Don’t know where to start? Just tell us below which insurance quotes you’d like and your residential (or commercial if you own a business) zip code and you’ll receive an invitation email to get multiple quotes within minutes.
· Refinance and/or payoff your debt
Are we recommending you go through a long credit approval process here? Not necessarily. Look at the interest rates on all of your current debt. If you have lower interest rate funding sources (a line of credit, credit card) that isn’t maxed out, it might be advantageous to move some of that debt over to the lower interest rate source. Especially while the Fed has held rates hovering just over 0% for most of 2020. (We’ll do a post later about what that means in detail; just know while you won’t get that rate necessarily you should be able to find lower interest rates because of it depending on your credit score.) Just be sure to watch out for transfer fees that may offset the money you’ll save in lower interest costs.
If you have the means to payoff some of your debt with money you have sitting in a low-interest rate savings account, go ahead and do it. You’re not going to make any more keeping that money in the account any time soon at 0.01%. Still not convinced? Play with these calculators to see how much your debt is costing you and how to get rid of it.
#2 Save money on food and cut food waste
So many people are struggling to afford food right now. The nightly news displays how the lines at food banks continue to grow in length. If you’re able to still buy the food you need first let’s take a moment to be grateful for that. 🙏 Now on to how to cut costs…
· Always. Make. A. List.
We know, we know. You’ve read and heard this one before too. So why aren’t you doing it? “I’m too busy.” Really? Too busy to save money? You’re going to end up spending one or the other (time vs. money) so why not spend a little time to save more money. “I write the list and forget it at home.” Ever heard of a phone? They have cameras and apps to make lists. “The kids always end up asking for things in the store.” Uh, here’s an idea. Teach them to make a list too! Good habits are taught and learned early just like bad ones, like shopping without a list and worse yet, hungry.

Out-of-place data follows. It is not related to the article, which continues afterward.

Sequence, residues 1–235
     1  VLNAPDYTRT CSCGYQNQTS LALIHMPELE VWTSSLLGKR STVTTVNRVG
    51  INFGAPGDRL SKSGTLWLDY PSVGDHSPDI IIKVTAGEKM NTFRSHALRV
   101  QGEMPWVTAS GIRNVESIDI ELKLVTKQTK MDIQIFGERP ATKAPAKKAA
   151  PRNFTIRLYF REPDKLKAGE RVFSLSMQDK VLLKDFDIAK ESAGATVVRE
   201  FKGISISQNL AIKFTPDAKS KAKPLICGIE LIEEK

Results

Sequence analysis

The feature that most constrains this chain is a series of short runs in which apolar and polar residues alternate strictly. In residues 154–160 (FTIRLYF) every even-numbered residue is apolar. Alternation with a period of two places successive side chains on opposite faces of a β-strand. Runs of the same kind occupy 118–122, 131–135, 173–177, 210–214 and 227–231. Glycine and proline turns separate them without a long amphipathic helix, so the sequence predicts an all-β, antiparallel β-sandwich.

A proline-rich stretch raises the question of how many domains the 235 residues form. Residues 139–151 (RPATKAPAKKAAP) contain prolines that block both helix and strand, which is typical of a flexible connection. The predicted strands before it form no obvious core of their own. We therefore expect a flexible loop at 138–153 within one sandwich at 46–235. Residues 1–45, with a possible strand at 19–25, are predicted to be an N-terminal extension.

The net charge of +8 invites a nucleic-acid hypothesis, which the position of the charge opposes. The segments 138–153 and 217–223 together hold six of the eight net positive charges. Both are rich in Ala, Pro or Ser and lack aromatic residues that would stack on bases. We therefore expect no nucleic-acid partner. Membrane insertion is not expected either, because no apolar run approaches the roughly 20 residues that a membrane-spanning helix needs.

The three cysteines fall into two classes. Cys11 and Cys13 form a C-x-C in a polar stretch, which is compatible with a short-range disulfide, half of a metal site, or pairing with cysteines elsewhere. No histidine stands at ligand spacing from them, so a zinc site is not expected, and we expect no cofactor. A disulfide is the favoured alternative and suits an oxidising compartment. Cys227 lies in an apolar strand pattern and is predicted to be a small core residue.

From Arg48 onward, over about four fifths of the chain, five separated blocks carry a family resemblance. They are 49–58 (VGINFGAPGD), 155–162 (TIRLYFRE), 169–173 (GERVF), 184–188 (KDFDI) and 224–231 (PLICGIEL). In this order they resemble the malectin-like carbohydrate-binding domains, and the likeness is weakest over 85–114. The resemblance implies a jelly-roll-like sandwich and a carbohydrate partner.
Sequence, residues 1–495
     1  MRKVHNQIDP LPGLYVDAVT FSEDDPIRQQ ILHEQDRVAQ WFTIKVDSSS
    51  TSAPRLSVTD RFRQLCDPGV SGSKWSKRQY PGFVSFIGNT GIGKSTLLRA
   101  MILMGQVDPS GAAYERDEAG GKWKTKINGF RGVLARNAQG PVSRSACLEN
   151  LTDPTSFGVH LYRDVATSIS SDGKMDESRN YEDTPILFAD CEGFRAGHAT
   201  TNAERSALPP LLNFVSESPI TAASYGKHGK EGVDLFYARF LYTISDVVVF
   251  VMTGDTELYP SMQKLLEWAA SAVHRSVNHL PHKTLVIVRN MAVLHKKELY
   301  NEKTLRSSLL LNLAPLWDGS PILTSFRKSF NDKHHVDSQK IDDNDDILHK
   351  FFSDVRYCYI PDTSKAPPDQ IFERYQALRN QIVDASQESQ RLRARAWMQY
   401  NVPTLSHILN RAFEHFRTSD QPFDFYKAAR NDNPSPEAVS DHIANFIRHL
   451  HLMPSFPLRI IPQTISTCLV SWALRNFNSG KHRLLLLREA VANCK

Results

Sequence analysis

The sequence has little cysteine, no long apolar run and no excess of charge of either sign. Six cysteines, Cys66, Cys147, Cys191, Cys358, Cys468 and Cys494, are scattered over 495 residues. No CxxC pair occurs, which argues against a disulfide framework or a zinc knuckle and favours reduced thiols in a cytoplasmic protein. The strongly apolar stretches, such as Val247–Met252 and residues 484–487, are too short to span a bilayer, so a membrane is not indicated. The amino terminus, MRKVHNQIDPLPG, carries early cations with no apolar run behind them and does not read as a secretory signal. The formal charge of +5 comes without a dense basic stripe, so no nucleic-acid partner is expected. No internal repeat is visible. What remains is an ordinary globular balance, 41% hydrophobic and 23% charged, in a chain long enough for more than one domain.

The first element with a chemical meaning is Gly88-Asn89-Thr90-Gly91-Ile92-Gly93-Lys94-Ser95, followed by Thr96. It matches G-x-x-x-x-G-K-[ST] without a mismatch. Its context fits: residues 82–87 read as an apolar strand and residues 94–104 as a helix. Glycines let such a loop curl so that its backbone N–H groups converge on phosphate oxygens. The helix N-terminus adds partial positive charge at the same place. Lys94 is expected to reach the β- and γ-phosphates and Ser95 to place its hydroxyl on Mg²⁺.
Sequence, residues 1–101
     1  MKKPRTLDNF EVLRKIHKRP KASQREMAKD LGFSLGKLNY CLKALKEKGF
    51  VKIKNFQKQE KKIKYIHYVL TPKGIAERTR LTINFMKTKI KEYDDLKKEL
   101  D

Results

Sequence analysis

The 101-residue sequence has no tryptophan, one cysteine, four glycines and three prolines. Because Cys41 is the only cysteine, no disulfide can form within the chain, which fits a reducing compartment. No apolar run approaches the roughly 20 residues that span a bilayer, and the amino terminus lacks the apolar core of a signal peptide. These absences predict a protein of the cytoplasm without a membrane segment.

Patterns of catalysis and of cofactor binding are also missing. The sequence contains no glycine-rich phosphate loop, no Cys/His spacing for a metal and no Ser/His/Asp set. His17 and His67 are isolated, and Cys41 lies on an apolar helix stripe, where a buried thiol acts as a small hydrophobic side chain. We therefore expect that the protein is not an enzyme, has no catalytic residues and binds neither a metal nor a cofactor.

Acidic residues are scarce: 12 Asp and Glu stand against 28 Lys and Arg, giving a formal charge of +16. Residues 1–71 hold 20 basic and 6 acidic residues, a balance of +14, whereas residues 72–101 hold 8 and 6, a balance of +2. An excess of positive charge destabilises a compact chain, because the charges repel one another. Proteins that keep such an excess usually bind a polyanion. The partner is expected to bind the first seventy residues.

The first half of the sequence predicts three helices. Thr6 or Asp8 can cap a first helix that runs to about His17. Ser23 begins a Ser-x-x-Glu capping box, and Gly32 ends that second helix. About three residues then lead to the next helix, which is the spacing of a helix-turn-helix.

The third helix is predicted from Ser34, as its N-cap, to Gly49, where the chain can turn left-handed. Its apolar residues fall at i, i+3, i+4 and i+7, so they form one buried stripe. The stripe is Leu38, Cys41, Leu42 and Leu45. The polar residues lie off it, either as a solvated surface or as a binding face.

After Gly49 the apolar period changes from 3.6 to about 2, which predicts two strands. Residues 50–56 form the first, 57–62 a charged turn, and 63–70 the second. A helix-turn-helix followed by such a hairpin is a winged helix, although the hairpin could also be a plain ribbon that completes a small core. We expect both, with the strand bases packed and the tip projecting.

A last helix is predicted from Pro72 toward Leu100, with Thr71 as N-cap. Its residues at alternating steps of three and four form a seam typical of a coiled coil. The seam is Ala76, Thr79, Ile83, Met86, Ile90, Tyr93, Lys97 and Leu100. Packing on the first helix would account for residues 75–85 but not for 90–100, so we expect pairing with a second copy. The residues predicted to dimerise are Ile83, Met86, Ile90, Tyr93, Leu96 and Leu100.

Stores are designed as mazes to make you wander around and notice as many products as possible. After all, you might just see something you “need” but didn’t plan on getting! (Darn kids 🧒) That’s why bringing a list with you is key. You’re far more likely to stay on track if you have a few written objectives. Making that list also helps you find all of the best sales, discounts and coupon codes. Speaking of coupons, here are some of our favorite apps:
Ibotta While it doesn’t include a list feature like another app on our list, it does offer a wide variety of coupons and our new fave for saving money and staying on budget, digital gift cards. Set your budget for groceries at lets say Walmart, buy the gift card in that amount through Ibotta for a percentage back immediately. Then, pick out all of the available coupons at Walmart for your shopping list and use the gift card to pay. In a few days (often a few minutes but we don’t want to overpromise), those coupon amounts will be credited to your account. Cash out whenever you reach a $20 balance.
Coupons.com So SavingStar went the way of the dodo bird and everyone had to migrate over to Coupons.com. We’re not mad at this as the offerings from SavingStar had gotten less desirable over the years. Also, Coupons.com was a site we had used in the past, albeit less frequently because it was associated in our minds with printing out coupons to take to the store. While you can still print coupons, there is an app now that we’re getting acquainted with. Follow our social media for updates on our experience with the app.
Checkout 51 This used to be the app to turn to for discounts on fresh produce, which at times can be challenging to find. While those offers have become fewer and farther between, this app has started expanding into other savings areas like gas and online shopping. It also has a built-in pharmacy savings card and a newer feature we’ll also be sharing on social media, surveys for money. 💲💲
KeyRing Ok while this one doesn’t offer any coupons or rebates, it is great for storing all of those customer loyalty cards. It’s also one of the only apps we’ve discovered so far that also allows you to create a shopping list for each specific store that’s not dependent on whatever rebates are available.
What apps do you use to save money on groceries? Share in the comments below. And while you’re grocery shopping, try to stick to the perimeter of the store. That’s where the more healthy, essential items you’ll need are often stocked!
Talking about healthy foods…
· Wait until evening to hit up your farmers market
ECV Talks is based in Florida, USA where finding farm grown foods is relatively easy. If you’re blessed to have farmers markets near you, make sure to shop local and support them. However, that doesn’t mean you can’t get a great deal. Local vendors usually don’t want to lug their unsold goods back home with them. That’s why they’ll often start discounting their produce as the day drags on. Hit them right at the end of the day to get the best deals. And don’t be afraid to ask them for items that aren’t visually perfect but are still usable.